#35 - JRL 2007-30 - JRL Home
February 7, 2007
Putin's visit to the Middle East will not be a mere formality
MOSCOW. (RIA Novosti political commentator Marianna Belenkaya) - Russian President Vladimir Putin will visit Saudi Arabia, Qatar and Jordan February 11-13, an official trip no Russian leader has ever made before (Boris Yeltsin's attendance at the burial ceremony for Jordan's King Hussein in 1999 does not count).
As a result, the visit is expected to be highly productive.
Russian cooperation with the three countries has been given a powerful boost in the past few years under Putin, but unlike previous visits by their leaders to Russia, it will be the Russian president's first trip there.
Jordanian King Abdullah II has visited Russia six times since 2001. Sheikh Hamad bin Khalifa Al Thani, the Emir of Qatar, was in Russia in 2001, and Saudi King Abdullah bin Abdul Aziz al-Saud visited Moscow in 2003 when he was the Crown Prince.
In fact, the period between 2001 and 2003 was a time of growing political and economic cooperation between Russia and the three Arab countries.
It was also a time of change in the Middle East, marked by the 9/11 tragedy in the United States, the toppling of Iraqi dictator Saddam Hussein, and the derailing of the Middle East peace process that began in 1991.
The world changed, along with the lineup of forces in the region and the attitude of Middle East countries to one another and to the rest of the world. Above all, they have been forced to confront internal problems previously out of public view.
I am referring primarily to their political reform programs and to the radicalization of Islam.
At the same time, Russia diversified its foreign policy by revising its pro-Western leanings of the 1990s and focusing on internal stability, and by maintaining an ethnic and confessional balance also dependent on the Islamic factor.
Russia has increasingly been positioning itself as an intermediary between the West and the East, although the results of those efforts are not yet clear.
Russian policy in the past few years has been characterized by an unprecedented rapprochement with the Muslim world, efforts to strengthen business ties with Arab countries, and significant initiatives in the Middle East peace process.
The Middle East is learning to trust Russia, as demonstrated by the observer status it was granted in the Organization of the Islamic Conference in 2005, and the establishment of the Russia-Muslim World Strategic Vision Group in 2006.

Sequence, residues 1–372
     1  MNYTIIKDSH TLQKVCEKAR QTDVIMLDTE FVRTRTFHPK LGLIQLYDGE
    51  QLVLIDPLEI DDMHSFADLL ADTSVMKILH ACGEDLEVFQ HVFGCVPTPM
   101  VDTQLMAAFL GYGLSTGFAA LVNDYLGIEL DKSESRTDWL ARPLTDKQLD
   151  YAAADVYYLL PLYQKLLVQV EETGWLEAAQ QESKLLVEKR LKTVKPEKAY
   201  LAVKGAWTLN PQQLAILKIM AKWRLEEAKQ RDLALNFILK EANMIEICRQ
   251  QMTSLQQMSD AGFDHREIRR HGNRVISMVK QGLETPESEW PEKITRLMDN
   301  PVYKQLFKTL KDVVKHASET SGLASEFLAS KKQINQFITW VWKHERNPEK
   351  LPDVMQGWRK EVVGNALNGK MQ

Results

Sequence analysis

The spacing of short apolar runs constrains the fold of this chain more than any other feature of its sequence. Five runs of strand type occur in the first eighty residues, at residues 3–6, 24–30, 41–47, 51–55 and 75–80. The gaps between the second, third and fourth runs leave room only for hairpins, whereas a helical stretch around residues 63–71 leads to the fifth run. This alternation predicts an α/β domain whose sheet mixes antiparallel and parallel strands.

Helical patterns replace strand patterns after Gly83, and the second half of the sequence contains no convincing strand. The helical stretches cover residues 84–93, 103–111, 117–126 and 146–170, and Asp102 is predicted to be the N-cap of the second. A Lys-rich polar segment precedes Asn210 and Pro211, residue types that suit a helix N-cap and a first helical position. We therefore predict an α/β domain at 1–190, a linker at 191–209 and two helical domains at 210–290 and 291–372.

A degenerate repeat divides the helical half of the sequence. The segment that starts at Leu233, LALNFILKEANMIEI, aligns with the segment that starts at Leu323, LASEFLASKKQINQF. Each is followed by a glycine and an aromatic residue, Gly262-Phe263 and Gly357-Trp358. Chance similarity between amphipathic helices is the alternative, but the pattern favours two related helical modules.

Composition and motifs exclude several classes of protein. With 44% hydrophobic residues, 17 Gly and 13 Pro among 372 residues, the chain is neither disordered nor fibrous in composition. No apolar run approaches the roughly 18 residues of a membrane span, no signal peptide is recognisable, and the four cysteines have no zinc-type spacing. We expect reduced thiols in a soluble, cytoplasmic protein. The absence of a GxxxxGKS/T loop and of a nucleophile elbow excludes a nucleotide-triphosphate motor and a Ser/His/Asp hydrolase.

The Group's goal is to elaborate a common vision of regional crises - the Palestinian-Israeli conflict and the situation in Iraq, Afghanistan, Lebanon and Iran - and to coordinate mutual interests in the Caucasus and Central Asia.
Moscow has welcomed the assistance Islamic countries have given Russian Muslims, provided they do not use ethnic and religious factors against Russia.
On the other hand, Muslim countries need Russian assistance in their struggle against Islamophobia. Some Muslim countries would like Russia to become a counterbalance to the United State in the region.
President Putin has said: "We are not going to compete against any country in any region. Cooperation is what we want. Russia has always had a substantial interest in the Persian Gulf and the Middle East as a whole, because historically it has maintained stable and deep ties with the region.
"We are advancing to new, higher levels of cooperation with some regional countries. We sense the interest of their business communities to develop relations with their Russian partners. We feel that our views on a number of major acute international problems are similar or coincide with the views of regional leaders, as diplomats say."
In other words, Russia will promote its political and economic relations with the countries of the region, including those historically influenced by the West (such as Qatar, Saudi Arabia and Jordan), on the basis of mutual benefit. Unfortunately, Russia's economic ties lag far behind its positive political relations.
Trade with Qatar stands at $55 million, with deliveries of Kamaz trucks making up $50 million. Trade with Jordan almost tripled in 2005, but is still only $140 million. Trade with Saudi Arabia soared to a record-high $250 million in January-November 2006.
Of the three countries, economic cooperation with Saudi Arabia seems to be the most promising. The leaders of Saudi Arabia and Russia have mentioned the possibility of increasing trade to $2-$3 billion, although the intention has not been confirmed officially.
Prospects for cooperation with the other two countries are also bright. For example, Jordan has offered major projects to Russian businesses.
The oil and gas sector and coordination of energy deliveries will be the main venues of bilateral cooperation, although there are interesting possibilities in power generation, transportation, construction, and research and technology, including space exploration.
Military-technical ties, which have become a traditional part of Russia's relations with the region's countries (including Jordan), may become a new element in its contacts with Qatar and Saudi Arabia.
Therefore, much depends on Putin's visit to the Middle East, which will not be a mere formality or polite gesture.